UK pulled up over Euratom Treaty

The UK has been accused of failing to comply with two major requirements under the Euratom Treaty when authorising the disposal of radioactive waste from the Devonport Dockyards nuclear plant.

The European Commission has accused the UK of failing to comply with two major requirements under the Euratom Treaty when authorising the disposal of radioactive waste from the Devonport Dockyards Ltd (DML) nuclear plant.

The EU decision follows authorisation for the disposal of radioactive waste from DML, arising from the refitting and refuelling of nuclear submarines, without implementing the notification provisions of Article 37 of the Euratom Treaty and the justification principle of articles 6 (1) and 6 (2) of Directive 96/29/Euratom.

Article 37 of the Euratom Treaty states that the Commission should assess plans for the disposal of radioactive waste. This is to determine whether the disposal of nuclear waste has the potential to adversely impact the health of people living in other EU member states.

Each Member State must provide the Commission with general data relating to any plan for the disposal of radioactive waste in whatever form. An assessment of the transboundary effects arising from the implementation of the plan submitted is then made.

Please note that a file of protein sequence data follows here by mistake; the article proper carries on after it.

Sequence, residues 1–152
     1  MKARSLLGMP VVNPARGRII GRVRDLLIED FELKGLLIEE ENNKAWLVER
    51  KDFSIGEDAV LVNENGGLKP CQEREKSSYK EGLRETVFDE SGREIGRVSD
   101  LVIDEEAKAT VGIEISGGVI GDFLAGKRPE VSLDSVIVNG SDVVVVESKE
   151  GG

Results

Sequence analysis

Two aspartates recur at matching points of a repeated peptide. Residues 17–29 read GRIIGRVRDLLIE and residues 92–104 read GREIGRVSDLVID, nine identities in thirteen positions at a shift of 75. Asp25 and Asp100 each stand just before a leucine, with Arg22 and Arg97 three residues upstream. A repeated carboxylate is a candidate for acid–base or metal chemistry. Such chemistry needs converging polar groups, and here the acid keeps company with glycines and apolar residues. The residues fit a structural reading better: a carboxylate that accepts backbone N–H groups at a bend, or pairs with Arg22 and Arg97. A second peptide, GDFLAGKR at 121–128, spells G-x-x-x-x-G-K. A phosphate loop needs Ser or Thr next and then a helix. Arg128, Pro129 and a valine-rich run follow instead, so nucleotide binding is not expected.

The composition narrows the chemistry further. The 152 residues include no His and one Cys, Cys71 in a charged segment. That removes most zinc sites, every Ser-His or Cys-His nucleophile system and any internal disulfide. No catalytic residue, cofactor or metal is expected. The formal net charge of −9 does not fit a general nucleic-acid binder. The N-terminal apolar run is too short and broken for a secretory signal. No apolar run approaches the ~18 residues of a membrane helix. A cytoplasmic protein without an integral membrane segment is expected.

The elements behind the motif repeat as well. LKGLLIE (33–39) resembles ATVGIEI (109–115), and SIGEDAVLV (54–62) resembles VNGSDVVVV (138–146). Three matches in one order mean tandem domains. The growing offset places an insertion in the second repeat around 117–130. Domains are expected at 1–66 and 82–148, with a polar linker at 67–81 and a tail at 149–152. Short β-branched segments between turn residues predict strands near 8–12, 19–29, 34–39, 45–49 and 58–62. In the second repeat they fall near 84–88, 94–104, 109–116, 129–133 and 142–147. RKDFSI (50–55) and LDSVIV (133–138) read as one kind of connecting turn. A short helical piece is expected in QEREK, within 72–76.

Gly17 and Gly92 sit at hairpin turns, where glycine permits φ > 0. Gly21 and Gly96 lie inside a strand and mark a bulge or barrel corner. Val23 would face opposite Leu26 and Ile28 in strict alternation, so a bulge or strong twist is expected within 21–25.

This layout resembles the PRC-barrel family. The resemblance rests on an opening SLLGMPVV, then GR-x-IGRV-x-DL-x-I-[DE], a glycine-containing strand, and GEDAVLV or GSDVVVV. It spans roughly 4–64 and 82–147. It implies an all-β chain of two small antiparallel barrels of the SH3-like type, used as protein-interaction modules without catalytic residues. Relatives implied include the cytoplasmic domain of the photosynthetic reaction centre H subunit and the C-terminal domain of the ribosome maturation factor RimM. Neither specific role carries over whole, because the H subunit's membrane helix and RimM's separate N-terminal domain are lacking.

Articles 6(1) and 6(2) of Directive 96/29/Euratom establish the justification principle according to which the detriment arising from a new or existing practice must not outweigh the benefits that can be drawn from it. This principle constitutes a major principle of the radiation protection system.

In January 2002, the Commission was informed that the UK’s Environment Agency was about to grant a new authorisation for the disposal of radioactive waste, without taking account of Article 37 of the Euratom Treaty provisions nor of the justification principle.

This failure to comply with these provisions led the Commission to open an infringement procedure against the United Kingdom. The Commission is expected to file a formal complaint to the European Court of Justice.